Beta thalassemia is an inherited blood disorder caused by one of over 200 mutations in the HBB gene (or ß-globin gene). Patients with beta-thalassemia have low levels of haemoglobin, a protein in red blood cells that carries oxygen to cells throughout the body. Orchard’s gene therapy programme addresses the most severe form of thalassemia, referred to as “transfusion-dependent thalassemia” (TDBT) or beta-thalassemia major. Symptoms of TDBT appear within the first 2 years of life and include failure to gain weight and to grow, infections and life-threatening anaemia. In the absence of regular blood transfusions, TDBT is usually fatal in infancy. Beta-thalassemia is one of the most common genetic diseases, with a global incidence estimated at approximately 25,000 patients each year and a global prevalence of more than 200,000 patients (sources: Modell 2008; Williams 2012).
Most patients with TDBT major have such severe symptoms that they need frequent blood transfusions to replenish their level of haemoglobin in red blood cells. Because of these transfusions, iron accumulates in various organs, leading to risk of heart or liver failure. Therefore, patients who receive ongoing blood transfusions must also take medicines to remove the excess iron. These medicines, called iron chelation therapy, also have side effects and can negatively impact a patient’s quality of life. Allogenic haematopoietic stem cell transplantation is currently the only curative therapy for beta-thalassemia; however, this intervention carries a risk of mortality and morbidity, especially where there is not a good match between the donor and the patient.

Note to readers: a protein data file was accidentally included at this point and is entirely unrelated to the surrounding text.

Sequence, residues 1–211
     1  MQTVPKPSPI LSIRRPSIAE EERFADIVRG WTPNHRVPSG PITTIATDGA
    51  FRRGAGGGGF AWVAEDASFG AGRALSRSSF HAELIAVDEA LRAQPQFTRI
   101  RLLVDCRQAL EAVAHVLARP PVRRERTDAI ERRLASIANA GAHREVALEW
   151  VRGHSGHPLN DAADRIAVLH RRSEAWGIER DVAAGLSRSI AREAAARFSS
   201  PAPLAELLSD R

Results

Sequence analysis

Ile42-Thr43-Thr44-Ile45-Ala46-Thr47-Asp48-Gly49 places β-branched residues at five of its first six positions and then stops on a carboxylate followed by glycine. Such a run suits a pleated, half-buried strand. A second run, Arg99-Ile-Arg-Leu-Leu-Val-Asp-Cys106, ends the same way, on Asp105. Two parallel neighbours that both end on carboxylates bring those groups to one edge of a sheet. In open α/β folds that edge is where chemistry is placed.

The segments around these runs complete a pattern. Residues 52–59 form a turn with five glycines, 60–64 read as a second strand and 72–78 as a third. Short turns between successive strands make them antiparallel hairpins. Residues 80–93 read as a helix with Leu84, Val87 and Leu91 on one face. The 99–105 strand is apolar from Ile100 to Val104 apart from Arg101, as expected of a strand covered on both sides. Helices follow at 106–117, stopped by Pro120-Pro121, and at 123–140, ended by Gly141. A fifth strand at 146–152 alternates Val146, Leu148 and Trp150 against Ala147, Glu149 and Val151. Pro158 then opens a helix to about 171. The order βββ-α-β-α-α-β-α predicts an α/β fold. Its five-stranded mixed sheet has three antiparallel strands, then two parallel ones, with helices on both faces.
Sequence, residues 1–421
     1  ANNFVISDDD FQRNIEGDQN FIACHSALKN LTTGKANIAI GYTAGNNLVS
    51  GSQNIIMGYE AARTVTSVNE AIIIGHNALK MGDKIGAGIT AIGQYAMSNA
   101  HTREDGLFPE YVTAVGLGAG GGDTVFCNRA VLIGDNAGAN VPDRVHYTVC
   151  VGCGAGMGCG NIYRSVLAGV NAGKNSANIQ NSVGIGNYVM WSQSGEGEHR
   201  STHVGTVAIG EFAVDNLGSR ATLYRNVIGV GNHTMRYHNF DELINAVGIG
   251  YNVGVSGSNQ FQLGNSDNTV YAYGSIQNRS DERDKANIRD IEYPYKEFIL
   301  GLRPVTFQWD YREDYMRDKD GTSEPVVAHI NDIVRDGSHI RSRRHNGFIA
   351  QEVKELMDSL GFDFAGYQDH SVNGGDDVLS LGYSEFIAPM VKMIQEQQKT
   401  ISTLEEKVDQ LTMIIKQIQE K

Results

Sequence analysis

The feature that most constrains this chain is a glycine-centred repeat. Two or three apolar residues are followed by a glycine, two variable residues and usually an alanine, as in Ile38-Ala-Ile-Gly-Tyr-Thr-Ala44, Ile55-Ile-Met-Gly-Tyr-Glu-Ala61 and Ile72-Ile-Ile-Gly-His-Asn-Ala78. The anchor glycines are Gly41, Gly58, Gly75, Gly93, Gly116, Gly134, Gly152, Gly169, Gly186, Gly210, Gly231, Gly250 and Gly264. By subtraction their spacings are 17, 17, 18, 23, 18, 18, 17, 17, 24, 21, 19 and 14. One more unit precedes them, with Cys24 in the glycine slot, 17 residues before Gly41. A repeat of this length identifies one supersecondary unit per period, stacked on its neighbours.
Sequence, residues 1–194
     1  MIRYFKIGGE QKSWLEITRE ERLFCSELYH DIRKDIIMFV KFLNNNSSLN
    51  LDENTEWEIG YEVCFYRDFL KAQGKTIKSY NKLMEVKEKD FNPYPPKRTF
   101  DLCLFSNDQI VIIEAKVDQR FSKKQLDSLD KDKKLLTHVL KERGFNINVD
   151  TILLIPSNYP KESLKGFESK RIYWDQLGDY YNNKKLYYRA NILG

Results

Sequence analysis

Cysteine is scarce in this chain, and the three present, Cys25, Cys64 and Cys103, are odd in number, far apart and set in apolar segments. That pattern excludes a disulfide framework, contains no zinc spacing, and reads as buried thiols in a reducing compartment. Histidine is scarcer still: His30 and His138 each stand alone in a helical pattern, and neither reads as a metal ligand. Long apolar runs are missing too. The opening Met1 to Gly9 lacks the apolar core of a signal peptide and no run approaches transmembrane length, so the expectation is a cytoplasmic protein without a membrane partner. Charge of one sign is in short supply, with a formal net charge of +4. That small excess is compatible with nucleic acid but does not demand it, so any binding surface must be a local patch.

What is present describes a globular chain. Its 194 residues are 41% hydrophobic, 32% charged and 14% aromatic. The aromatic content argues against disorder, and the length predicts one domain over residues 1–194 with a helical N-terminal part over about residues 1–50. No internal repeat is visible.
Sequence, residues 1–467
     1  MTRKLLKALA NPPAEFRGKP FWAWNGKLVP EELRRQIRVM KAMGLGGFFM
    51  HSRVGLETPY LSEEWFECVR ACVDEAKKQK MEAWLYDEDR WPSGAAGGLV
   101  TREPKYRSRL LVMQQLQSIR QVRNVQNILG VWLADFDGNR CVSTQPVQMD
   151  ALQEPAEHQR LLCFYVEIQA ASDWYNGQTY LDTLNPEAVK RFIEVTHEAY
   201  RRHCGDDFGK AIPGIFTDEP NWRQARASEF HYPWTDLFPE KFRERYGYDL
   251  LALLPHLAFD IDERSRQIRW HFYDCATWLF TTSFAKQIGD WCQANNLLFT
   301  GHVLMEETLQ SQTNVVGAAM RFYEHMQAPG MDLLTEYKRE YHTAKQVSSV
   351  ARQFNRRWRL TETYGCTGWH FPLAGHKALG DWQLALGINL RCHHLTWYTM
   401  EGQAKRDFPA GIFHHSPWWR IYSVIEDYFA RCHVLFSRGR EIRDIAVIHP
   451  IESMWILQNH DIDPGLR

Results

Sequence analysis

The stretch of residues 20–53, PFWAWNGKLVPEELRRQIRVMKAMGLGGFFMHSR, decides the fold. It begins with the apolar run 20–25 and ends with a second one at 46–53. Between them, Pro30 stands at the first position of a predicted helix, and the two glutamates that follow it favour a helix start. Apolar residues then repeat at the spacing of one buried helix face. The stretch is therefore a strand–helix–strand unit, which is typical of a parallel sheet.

Orchard is developing OTL-300, ex vivo autologous lentiviral gene therapy for transfusion-dependent beta-thalassemia. Data from an ongoing clinical study in seven patients with the β0/β0, β+/β+, and β0/β+ genotypes were presented at the American Society of Hematology (ASH) Annual Meeting in 2017. Treatment with OTL-300 resulted in a significant reduction in the need for transfusions in 5 out of 7 patients, and in transfusion-independence in 3 out of 4 pediatric patients from 1 month after gene therapy (source: Marktel 2017). The gene therapy procedure was well tolerated in all patients.
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